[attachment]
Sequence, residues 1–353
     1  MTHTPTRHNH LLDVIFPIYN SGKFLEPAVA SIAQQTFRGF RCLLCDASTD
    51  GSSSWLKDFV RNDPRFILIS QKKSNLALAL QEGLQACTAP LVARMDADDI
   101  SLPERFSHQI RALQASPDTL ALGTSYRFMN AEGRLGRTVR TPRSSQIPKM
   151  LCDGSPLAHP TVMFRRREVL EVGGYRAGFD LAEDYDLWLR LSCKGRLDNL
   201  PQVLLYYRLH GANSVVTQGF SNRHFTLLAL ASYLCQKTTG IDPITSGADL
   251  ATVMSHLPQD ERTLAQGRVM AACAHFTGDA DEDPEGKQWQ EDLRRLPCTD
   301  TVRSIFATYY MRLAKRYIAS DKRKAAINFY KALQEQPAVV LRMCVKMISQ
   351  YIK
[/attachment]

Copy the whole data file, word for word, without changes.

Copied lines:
Sequence, residues 1–353
     1  MTHTPTRHNH LLDVIFPIYN SGKFLEPAVA SIAQQTFRGF RCLLCDASTD
    51  GSSSWLKDFV RNDPRFILIS QKKSNLALAL QEGLQACTAP LVARMDADDI
   101  SLPERFSHQI RALQASPDTL ALGTSYRFMN AEGRLGRTVR TPRSSQIPKM
   151  LCDGSPLAHP TVMFRRREVL EVGGYRAGFD LAEDYDLWLR LSCKGRLDNL
   201  PQVLLYYRLH GANSVVTQGF SNRHFTLLAL ASYLCQKTTG IDPITSGADL
   251  ATVMSHLPQD ERTLAQGRVM AACAHFTGDA DEDPEGKQWQ EDLRRLPCTD
   301  TVRSIFATYY MRLAKRYIAS DKRKAAINFY KALQEQPAVV LRMCVKMISQ
   351  YIK